[ubuntu-za] jaunty install

Morgan Collett morgan at ubuntu.com
Thu Apr 30 08:50:50 BST 2009

On Wed, Apr 29, 2009 at 20:51, David Robert Lewis
<ethnopunk at telkomsa.net> wrote:
> Sorry to be pedantic, but am I right in assuming that Ubuntu develops
> along a particular path for six months whereupon there is a feature
> freeze and the only thing distinguishing one version from the next is
> that if version A was completely updated it would almost be version B
> but for the addition of one important update and one can only go past
> this point by accepting the Ubuntu versioning system as a point of
> reference? Or am I completely lost? Are there serious changes in the
> architecture from one distribution to the next /or/ is this really all
> an incremental evolution/experiment with opensource?

Usually, there are not serious changes in the architecture from one
release to another, which is why you can upgrade (reasonably) reliably
from one release to the next.

Once a particular release of Ubuntu is out, then the version numbers
of packages in that release are not increased (with the exception of
Firefox*) during the lifetime of that release, for stability.

Here's an example: Synaptic package manager was version 0.57.8ubuntu11
when dapper released. It was updated to version 0.57.8ubuntu13 through
dapper-updates - not a security update, but a bug fix update. dapper
is still supported on the desktop until June, IIRC - so there's still
the possibility of another bug fix update (hypothetically, although
unlikely) for synaptic in dapper - which would remain version

hardy has synaptic version 0.61ubuntu9 - unchanged from its first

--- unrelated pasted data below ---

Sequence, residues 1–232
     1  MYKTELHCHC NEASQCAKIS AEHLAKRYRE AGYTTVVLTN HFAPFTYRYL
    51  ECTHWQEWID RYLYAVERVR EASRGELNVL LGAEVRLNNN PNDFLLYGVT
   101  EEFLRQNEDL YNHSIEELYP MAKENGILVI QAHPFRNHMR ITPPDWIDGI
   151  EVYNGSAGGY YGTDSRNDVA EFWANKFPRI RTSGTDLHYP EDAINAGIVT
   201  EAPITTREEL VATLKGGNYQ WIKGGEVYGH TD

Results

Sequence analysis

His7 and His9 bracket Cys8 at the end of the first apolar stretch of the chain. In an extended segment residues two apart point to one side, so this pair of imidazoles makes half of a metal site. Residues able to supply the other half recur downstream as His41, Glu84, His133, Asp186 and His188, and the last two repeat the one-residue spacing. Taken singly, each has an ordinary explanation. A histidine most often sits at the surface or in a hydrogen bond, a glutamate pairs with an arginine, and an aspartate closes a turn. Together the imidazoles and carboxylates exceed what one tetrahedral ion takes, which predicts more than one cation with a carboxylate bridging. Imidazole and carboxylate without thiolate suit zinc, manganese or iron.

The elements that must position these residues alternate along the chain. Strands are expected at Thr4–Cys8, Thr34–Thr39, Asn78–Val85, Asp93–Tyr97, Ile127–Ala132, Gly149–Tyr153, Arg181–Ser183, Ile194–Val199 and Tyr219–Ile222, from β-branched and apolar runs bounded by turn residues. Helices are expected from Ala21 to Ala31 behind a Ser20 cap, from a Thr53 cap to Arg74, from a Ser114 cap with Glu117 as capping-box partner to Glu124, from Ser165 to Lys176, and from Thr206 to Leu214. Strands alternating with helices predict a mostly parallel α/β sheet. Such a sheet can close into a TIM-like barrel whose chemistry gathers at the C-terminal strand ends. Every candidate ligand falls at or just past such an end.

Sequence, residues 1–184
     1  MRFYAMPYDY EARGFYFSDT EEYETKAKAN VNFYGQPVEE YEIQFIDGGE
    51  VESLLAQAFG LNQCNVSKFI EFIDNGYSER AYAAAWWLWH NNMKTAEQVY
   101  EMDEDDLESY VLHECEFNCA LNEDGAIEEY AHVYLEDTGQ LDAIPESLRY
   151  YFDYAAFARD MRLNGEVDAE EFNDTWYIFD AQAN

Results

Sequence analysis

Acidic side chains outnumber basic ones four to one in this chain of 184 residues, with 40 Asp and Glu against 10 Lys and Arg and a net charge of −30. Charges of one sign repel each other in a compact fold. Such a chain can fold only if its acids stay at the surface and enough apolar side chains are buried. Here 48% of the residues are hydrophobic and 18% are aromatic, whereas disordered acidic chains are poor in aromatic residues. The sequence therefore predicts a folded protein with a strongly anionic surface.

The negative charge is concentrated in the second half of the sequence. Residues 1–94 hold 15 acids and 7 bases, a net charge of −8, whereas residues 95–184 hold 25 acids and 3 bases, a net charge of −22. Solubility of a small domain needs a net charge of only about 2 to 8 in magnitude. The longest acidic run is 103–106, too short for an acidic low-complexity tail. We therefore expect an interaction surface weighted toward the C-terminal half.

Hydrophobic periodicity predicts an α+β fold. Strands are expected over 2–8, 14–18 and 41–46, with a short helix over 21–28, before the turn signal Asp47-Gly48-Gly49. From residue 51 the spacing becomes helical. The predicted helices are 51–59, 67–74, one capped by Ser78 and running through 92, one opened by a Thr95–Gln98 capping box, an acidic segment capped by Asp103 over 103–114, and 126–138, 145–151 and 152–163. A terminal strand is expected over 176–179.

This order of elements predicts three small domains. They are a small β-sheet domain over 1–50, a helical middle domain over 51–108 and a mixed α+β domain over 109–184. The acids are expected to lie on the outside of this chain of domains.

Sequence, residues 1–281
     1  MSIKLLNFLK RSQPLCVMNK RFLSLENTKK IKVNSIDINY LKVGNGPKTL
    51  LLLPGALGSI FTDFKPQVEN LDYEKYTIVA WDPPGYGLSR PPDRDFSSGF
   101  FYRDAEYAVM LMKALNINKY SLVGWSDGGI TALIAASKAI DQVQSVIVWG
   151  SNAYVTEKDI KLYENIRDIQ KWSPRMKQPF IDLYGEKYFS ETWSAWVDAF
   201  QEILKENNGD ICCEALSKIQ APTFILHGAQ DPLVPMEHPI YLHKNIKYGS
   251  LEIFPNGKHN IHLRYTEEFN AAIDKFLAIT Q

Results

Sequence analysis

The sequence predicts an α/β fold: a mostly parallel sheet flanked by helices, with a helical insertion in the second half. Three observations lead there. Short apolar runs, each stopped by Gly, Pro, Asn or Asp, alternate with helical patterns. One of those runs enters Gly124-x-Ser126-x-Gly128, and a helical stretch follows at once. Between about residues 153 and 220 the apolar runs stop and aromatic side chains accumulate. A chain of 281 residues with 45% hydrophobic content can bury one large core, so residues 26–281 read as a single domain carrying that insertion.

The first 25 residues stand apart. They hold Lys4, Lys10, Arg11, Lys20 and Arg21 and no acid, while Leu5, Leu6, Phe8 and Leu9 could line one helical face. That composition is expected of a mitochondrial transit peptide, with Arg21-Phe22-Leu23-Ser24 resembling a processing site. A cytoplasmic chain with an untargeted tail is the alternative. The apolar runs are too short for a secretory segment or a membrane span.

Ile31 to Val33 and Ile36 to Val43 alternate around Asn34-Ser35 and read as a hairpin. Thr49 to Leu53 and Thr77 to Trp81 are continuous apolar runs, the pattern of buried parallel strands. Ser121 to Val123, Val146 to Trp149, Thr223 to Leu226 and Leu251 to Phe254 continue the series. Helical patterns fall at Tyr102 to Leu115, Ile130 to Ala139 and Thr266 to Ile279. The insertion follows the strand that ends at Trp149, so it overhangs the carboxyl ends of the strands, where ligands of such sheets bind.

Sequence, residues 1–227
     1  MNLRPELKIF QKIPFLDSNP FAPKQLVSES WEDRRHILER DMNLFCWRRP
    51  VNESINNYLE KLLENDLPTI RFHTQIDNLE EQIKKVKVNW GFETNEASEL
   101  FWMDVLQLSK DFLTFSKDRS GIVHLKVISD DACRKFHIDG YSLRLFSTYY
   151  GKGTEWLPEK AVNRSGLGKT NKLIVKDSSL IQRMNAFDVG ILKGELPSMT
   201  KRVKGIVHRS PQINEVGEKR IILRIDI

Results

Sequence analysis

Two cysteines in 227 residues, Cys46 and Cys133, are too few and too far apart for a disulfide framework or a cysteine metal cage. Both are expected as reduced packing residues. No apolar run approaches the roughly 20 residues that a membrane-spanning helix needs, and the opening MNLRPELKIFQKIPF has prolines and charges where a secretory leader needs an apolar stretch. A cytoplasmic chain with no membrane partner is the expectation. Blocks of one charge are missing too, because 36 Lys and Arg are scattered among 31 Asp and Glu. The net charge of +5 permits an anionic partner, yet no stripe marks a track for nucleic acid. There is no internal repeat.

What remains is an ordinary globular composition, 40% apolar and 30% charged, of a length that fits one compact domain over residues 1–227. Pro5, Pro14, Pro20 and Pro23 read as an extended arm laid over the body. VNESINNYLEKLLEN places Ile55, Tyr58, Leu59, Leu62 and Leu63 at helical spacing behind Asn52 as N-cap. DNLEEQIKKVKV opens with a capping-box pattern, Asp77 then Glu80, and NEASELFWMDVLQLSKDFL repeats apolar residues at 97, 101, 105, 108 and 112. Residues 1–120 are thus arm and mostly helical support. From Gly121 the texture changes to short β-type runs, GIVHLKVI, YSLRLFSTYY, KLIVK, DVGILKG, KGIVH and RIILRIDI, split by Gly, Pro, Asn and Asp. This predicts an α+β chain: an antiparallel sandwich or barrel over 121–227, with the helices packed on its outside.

release. intrepid has 0.62.1ubuntu10, and jaunty has 0.62.5ubuntu2.1
(although 0.62.5ubuntu3 is in jaunty-updates, suggesting a bug fix

These updates are "patches" - small changes to the source code which
fix a given problem without updating any of the other functionality
(and hence keeping a known version number). Often, if there is a
security problem discovered in a package - e.g. Apache - then the fix
is available as a patch to a certain version of the source. That patch
can usually be back ported - applied to an earlier version, to fix the
same problem in it. So you keep the same older stable known version of
Apache, but get the fix from the newer version.

So if for example you have hardy installed with all the updates, it's
not close to intrepid - if that's what you were asking. It's just a
"better" version of hardy.

The reason for all of this is so that updates to one package do not
break all the other packages which depend on it - code which links to
a known version and which would (possibly, probably) break if a newer
version is installed.

* Firefox is an exception, because Mozilla don't play nice with Linux
distributions. They do not release individual patches for individual
security problems - they just release a monolithic new release -
3.0.7, 3.0.8, 3.0.9 - with a whole lot of fixes applied, and it's just
too difficult and time consuming to compare the entire source tree to
find the changes and try to back port them to whatever version of
Firefox was originally shipped. So the Ubuntu Tech Board made a
decision some years back to update to the new release of Firefox,
including all the dependent packages (xulrunner, etc). This takes some
coordination to make sure they don't break any other (supported)
package in the process.


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